The county transfer station at 16101 Frederick Rd. in Rockville will be open today and tomorrow to accept large trash items. For more information on hours of operation, call the transfer station at 301-840-2370.


Sierra Club Plans Cellular Tower Protest

Members of the Washington chapter of the Sierra Club say they will hold a demonstration in Rock Creek Park today to protest the installation of a 130-foot Bell Atlantic cellular telephone tower in the park's maintenance yard.

The group sees the tower as a blight on the park and a hazard to migratory birds. Commuters, including some members of Congress, had complained that their cell phone conversations were interrupted while driving through the park.

Construction of two towers in the park was approved by the National Capital Planning Commission despite opposition from President Clinton, D.C. Mayor Anthony A. Williams (D) and many D.C. residents.

The tower at the maintenance yard will be the second of two erected. A 100-foot tower has been put up at the tennis center near 16th and Kennedy streets NW.

Waste Facility Panel to Hear Testimony

The D.C. Solid Waste Transfer Facility Site Selection Advisory Panel will hear testimony today from residents, trash haulers and station managers on developing standards to help decide where transfer stations may be located.

A year ago, the D.C. Council overrode a veto by former mayor Marion Barry and passed a tough law regulating trash transfer stations that many residents claim fill their neighborhoods with foul odors and rats. The law called for creation of the advisory panel.

Today's hearing will be held from 10 a.m. to 3 p.m. at Israel Baptist Church, 1251 Saratoga Ave. NE. A second hearing will be held from 10 a.m. to 3 p.m. Jan. 29 at River Terrace Elementary School, 34th and Dix streets NE.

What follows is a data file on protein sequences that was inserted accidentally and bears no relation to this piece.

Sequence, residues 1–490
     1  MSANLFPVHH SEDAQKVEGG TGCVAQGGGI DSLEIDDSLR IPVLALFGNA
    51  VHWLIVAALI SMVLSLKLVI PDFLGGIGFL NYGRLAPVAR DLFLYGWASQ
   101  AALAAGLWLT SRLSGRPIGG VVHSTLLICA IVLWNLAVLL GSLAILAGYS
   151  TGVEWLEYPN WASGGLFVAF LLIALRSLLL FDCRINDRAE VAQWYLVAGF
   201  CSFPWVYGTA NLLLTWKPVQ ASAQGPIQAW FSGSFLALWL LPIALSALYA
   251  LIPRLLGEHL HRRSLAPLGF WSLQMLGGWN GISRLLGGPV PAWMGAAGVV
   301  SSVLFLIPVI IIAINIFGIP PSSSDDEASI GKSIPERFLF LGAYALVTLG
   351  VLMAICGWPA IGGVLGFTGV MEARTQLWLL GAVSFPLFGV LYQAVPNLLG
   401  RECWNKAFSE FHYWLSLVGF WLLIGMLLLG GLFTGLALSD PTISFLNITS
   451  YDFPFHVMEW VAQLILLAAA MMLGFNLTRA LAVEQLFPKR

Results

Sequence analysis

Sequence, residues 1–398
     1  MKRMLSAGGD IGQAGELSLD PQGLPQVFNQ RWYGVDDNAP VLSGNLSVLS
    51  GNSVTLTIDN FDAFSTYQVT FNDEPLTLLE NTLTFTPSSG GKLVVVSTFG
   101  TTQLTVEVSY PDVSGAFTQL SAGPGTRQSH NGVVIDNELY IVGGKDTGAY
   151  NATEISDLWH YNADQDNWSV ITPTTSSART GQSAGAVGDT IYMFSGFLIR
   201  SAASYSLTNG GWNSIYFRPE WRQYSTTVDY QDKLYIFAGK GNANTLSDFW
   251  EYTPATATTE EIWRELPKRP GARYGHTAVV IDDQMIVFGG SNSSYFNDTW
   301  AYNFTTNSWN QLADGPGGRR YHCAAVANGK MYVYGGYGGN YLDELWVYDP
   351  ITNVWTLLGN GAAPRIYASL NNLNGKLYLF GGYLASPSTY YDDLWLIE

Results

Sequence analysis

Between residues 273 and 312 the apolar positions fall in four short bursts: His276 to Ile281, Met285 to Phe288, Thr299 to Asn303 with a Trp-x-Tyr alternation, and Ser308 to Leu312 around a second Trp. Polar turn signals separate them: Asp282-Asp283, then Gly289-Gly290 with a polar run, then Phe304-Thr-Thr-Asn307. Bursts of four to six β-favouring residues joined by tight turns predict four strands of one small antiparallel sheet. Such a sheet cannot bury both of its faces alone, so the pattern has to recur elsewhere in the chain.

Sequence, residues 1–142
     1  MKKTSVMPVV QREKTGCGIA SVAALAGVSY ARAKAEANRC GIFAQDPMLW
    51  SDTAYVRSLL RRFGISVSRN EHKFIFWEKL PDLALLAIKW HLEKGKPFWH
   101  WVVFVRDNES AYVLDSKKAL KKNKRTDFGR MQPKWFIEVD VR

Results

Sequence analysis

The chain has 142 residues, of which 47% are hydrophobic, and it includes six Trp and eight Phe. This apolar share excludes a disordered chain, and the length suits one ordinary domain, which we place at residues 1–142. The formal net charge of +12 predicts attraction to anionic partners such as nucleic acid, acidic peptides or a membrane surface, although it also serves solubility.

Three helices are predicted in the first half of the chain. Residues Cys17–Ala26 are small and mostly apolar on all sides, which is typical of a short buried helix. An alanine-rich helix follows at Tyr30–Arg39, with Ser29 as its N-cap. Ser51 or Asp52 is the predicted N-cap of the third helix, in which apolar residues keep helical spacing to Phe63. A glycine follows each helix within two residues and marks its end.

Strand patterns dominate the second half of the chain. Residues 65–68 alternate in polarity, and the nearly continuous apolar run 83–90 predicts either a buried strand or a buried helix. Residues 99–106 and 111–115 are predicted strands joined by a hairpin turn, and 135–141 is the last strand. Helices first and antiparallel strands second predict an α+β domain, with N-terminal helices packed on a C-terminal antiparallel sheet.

Antiabortion Tactic Angers Delegate

State Del. Clifton A. "Chip" Woodrum (D-Roanoke) didn't appreciate seeing the names of his three children on a list distributed by a delegate who gave an antiabortion speech.

"I find it personally offensive," a scowling Woodrum said on the House of Delegates floor.

Del. M. Kirkland Cox (R-Colonial Heights) listed the first names of the children of all 100 House members--243 names in all--on a sheet of paper placed on each delegate's desk. He mentioned the list during a speech marking today's 27th anniversary of the Supreme Court's Roe v. Wade decision legalizing abortion.

Woodrum said he doesn't use his children's names in his political campaigns, and he resented other people using them to promote a cause. Cox said he used the names so his speech would have a more personal impact on his fellow delegates.


"They come in on Monday morning and put in legislation based on what they'd seen Morley Safer and Ed Bradley tackle the night before."

-- Timothy F. Maloney, a former delegate to the Maryland General Assembly from Prince George's County, on legislation concerning subjects seen on such programs as "60 Minutes.